2004 Denver Annual Meeting (November 7–10, 2004)

Paper No. 7
Presentation Time: 3:15 PM


FITZ, Tom, Geoscience, Northland College, 1411 Ellis Avenue, Ashland, WI 54806, tfitz@northland.edu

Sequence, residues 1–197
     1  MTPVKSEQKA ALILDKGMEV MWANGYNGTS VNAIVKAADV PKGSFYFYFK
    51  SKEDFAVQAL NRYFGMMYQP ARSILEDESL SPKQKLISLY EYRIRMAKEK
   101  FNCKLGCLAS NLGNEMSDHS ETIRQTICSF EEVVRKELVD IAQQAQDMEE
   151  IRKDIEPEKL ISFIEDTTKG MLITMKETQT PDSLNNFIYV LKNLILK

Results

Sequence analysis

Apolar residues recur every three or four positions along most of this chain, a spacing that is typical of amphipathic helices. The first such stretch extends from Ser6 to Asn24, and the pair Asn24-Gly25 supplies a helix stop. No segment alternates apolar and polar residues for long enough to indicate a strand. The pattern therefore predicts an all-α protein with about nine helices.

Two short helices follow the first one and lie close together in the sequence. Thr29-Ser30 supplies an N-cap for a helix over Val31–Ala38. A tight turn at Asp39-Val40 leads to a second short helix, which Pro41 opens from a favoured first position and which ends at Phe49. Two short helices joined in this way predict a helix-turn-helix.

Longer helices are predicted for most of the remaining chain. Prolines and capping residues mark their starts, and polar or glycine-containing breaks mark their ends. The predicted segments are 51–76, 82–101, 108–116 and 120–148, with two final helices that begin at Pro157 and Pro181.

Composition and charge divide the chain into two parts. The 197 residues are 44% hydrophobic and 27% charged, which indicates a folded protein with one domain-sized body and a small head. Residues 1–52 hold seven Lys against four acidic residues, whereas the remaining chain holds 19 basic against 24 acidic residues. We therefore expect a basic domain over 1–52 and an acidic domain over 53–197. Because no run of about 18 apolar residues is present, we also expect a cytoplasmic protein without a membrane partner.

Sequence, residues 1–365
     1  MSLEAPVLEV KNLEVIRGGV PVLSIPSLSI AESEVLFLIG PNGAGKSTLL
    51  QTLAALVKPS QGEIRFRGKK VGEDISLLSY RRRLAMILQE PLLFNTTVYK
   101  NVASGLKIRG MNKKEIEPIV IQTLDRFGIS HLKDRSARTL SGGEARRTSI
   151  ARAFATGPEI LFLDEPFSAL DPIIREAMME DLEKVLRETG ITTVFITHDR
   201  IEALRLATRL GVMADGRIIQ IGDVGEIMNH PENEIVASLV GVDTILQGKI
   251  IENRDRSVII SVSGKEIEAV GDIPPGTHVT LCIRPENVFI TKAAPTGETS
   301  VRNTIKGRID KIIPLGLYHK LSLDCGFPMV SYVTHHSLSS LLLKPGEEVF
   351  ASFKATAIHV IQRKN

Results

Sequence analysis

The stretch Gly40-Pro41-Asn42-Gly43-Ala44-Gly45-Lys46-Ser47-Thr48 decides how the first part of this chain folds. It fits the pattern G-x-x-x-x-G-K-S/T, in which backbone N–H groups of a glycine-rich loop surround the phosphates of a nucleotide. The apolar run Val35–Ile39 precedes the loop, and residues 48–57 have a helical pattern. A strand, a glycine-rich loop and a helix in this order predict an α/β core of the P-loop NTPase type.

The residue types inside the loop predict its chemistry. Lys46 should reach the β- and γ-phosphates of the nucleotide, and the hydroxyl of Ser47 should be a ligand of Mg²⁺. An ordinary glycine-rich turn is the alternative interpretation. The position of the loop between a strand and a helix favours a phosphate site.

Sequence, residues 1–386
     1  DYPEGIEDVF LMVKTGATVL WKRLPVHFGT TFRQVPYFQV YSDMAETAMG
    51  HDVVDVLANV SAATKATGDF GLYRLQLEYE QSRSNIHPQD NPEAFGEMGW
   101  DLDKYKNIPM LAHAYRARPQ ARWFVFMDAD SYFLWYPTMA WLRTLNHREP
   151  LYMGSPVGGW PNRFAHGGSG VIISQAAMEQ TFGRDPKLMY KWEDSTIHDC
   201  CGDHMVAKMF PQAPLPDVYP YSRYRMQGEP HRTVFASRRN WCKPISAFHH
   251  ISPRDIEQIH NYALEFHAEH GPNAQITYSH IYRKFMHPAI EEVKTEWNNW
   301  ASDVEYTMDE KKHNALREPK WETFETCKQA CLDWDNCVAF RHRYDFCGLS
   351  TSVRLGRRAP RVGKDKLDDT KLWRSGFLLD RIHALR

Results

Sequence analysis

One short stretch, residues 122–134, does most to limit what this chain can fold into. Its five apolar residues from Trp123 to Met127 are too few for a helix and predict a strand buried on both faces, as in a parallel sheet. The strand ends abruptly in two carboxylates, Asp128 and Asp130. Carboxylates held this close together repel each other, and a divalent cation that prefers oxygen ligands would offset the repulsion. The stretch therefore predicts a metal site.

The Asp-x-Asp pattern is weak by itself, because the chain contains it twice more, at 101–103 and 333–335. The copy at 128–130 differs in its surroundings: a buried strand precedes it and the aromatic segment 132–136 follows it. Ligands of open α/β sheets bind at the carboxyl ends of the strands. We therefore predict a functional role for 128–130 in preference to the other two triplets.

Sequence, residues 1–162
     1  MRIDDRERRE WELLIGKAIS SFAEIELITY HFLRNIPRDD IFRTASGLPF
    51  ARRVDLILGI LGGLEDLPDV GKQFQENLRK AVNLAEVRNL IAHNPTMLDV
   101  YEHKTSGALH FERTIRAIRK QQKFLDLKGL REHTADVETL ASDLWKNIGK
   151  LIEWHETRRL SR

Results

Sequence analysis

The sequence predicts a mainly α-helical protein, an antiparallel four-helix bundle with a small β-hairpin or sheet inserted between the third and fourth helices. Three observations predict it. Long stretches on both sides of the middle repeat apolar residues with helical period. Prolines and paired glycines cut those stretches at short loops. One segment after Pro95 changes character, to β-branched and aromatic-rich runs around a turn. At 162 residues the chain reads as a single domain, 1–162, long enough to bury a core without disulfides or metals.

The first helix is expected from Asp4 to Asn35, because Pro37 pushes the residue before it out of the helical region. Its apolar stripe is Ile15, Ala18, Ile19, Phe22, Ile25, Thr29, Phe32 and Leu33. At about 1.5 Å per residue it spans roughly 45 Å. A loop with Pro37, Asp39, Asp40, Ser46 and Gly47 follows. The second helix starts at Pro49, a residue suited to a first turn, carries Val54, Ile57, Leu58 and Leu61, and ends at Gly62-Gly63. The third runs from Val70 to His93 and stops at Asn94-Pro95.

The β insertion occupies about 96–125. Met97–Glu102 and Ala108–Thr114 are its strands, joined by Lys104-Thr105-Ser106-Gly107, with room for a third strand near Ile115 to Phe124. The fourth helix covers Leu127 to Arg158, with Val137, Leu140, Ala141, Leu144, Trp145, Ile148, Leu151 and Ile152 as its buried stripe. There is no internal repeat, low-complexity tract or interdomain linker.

The red clay deposited in glacial lakes during the Late Wisconsin in the Lake Superior basin poses numerous difficulties to those living in the area. Bank instability and the slumping of clay creates engineering challenges and has negative impacts on aquatic habitats and in many areas, especially where the processes have been accelerated by human actions. A slumping bank along Deer Creek south of Ashland, Wisconsin has been actively slumping since railroad construction disturbed the area starting in the late 1800’s. Slumping on this slope can be severe during spring thaw and is a major source of turbidity in Deer Creek and downstream rivers. Several different mass-wasting processes take place on the slope depending on local vegetation, gradient, and water content of the clay. A joint study initiated by local citizens, the Wisconsin Department of Transportation, the Wisconsin Department of Natural Resources, and other interested organizations is being conducted to determine possible methods of bank stabilization. Signs are being installed along State Highway 13 so the site can serve as an educational resource for the public. Although this slope is just one of many such sites in the Lake Superior region, its stabilization is a step toward decreasing sediment loads in rivers draining into Lake Superior and heightening public awareness of the problem. It is also a example of how citizen action and cooperation among government agencies can work to decrease environmental impacts and increase public understanding.